The Bucs defense continues its road rampage: no TD for third straight game away from home, scoring a TD in fourth straight game and knocking Falcons QB Michael Vick out of the game.
By RICK STROUD, Times Staff Writer
© St. Petersburg Times, published October 7, 2002
ATLANTA -- The turf at the Georgia Dome is artificial, but that didn't stop someone from watering it.
So when the Bucs defense tried to dig in its heels Sunday in preparation for chasing Falcons quarterback Michael Vick, it was unable to get any traction on the slick surface.
"I just want to know why they wet the field? You got anything on that?" defensive tackle Warren Sapp asked. "I think they had a sprinkler system put in just this week. It (worked) for the first two series. We couldn't get our feet in the ground, we had to change shoes. I changed shoes, Simeon (Rice) changed shoes and (Anthony) McFarland changed shoes. We couldn't hunt like that."
By the start of the second half, the Bucs were picking pieces of Vick out of their new cleats. James Brown performed after the game Sunday, but the Bucs were the Godfathers of Sole.
Tampa Bay's defense continued its streak of not allowing a touchdown on the road this season, outslugging Vick before knocking him out of the game with a strained right shoulder early in the second half of the Bucs' 20-6 victory.
Vick completed 4-of-12 for 37 yards and was sacked three times, twice by Rice, who puthim out of the game. The Bucs also hindered his replacement, forcing backup Doug Johnson to throw three interceptions.
For the third time this season, linebacker Derrick Brooks punctuated a victory by returning an interception for a touchdown. But on Sunday, the pick was made by Sapp, who lateraled to Brooks for a 15-yard return for the score.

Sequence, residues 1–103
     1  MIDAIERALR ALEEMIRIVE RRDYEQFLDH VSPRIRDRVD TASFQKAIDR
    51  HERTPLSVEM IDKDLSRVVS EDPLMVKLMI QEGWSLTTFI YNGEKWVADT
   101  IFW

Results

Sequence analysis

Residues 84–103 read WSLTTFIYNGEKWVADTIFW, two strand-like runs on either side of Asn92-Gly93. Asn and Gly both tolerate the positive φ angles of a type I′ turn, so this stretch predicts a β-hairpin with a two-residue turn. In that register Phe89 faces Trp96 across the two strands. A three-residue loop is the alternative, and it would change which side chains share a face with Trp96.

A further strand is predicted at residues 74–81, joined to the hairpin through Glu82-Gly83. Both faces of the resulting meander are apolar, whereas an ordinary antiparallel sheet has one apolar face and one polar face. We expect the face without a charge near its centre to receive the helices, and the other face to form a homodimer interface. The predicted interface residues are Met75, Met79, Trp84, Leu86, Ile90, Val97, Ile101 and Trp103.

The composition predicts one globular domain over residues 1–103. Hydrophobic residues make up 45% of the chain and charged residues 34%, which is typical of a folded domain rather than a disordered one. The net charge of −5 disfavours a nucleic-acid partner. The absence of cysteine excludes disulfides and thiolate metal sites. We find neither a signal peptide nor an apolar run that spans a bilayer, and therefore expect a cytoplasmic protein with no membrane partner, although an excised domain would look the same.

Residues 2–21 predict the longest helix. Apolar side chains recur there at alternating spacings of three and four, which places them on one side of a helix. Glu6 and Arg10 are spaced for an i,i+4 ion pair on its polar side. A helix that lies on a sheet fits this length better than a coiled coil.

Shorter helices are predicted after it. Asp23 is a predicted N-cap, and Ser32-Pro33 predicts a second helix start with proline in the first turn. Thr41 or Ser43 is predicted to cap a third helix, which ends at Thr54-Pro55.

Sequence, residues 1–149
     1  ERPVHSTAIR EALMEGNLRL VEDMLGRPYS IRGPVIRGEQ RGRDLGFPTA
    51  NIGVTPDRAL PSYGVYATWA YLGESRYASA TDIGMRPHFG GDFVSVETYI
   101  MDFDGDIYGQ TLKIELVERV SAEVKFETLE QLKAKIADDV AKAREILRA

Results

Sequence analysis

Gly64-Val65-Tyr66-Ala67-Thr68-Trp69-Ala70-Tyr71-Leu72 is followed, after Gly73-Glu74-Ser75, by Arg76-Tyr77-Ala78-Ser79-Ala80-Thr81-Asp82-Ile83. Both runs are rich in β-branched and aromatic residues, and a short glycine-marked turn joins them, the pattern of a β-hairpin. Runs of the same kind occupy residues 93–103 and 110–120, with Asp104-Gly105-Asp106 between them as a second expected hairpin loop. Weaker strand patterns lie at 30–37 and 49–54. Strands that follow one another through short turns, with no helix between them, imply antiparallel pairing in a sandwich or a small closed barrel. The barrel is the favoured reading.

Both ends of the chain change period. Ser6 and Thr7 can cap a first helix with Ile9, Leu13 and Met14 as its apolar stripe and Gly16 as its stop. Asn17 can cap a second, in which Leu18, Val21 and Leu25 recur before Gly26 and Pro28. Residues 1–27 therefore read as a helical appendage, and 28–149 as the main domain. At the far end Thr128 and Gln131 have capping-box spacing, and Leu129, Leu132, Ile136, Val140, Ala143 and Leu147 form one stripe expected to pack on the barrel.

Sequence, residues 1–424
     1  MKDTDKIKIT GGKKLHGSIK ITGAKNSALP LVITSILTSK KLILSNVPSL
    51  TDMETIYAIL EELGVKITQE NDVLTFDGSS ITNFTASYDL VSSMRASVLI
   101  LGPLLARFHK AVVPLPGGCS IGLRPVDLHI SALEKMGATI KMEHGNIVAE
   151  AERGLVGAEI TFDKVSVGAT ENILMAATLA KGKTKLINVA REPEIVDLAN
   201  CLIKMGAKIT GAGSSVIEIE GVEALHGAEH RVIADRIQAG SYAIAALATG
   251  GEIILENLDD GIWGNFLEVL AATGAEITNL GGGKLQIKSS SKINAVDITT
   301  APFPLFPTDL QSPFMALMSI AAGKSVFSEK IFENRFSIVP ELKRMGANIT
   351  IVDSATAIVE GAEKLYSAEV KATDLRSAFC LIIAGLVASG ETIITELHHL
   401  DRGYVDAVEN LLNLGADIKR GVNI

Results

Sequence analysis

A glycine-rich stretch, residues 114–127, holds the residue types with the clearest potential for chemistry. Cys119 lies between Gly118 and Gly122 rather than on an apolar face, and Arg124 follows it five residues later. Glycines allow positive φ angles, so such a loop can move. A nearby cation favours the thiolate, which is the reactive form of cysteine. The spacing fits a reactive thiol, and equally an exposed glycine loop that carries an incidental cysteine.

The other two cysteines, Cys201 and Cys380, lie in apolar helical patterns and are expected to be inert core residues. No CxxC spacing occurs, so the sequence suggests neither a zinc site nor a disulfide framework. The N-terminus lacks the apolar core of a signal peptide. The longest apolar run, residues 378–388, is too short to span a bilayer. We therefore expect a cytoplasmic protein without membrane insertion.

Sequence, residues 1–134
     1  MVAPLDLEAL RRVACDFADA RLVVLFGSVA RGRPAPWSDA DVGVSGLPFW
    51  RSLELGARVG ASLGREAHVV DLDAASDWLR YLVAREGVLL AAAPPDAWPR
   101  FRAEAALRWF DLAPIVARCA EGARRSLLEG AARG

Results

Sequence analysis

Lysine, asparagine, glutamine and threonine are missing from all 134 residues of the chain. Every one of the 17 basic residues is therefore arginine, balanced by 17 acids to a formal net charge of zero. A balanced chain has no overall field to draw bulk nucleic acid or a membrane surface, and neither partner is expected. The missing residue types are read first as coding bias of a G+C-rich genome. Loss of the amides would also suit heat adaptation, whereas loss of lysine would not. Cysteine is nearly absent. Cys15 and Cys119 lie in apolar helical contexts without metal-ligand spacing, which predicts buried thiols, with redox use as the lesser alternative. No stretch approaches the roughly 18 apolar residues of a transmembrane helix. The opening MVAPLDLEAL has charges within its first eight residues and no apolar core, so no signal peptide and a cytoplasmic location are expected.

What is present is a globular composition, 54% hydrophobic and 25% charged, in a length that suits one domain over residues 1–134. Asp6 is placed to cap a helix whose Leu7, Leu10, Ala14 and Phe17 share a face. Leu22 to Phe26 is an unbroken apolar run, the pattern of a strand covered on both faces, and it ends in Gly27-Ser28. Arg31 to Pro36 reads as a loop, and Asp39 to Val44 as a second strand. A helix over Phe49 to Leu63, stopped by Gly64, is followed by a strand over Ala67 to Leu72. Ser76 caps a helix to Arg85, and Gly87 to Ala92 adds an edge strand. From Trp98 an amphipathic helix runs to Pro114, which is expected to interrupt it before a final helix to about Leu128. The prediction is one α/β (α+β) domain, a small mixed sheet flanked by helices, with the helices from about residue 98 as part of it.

"I'm a Michael Vick fan, don't get me wrong," said cornerback Dwight Smith, who had two interceptions. "But you can't put a guy that high, it's too early. With all the things he's done, his record is like 2-7 as a starting quarterback in this league.
"He has speed, but we have team speed, also. He had never played a defense like ours."
Vick entered with a 101.1 pass rating, best in the NFC. But his rating Sunday was 42.7.
You have to go back to the '99 season to remember when the Bucs defense was so dominant. Since the opening loss to New Orleans, Tampa Bay has allowed 27 points, an average of 6.5 per game. The defense has scored four touchdowns and a safety.
"It's a great run," coach Jon Gruden said. "Again, we don't want to diminish what they've accomplished. At the same time, we're going to keep raising the bar. You know, it's one thing to hurdle an obstacle, it's another thing to meet the challenge of next week. We're not going to take anything for granted. We have a high standard that's established, that's going to be enforced. I'm really proud of that group of men on defense."
On Sunday, the Bucs needed help putting points on the board.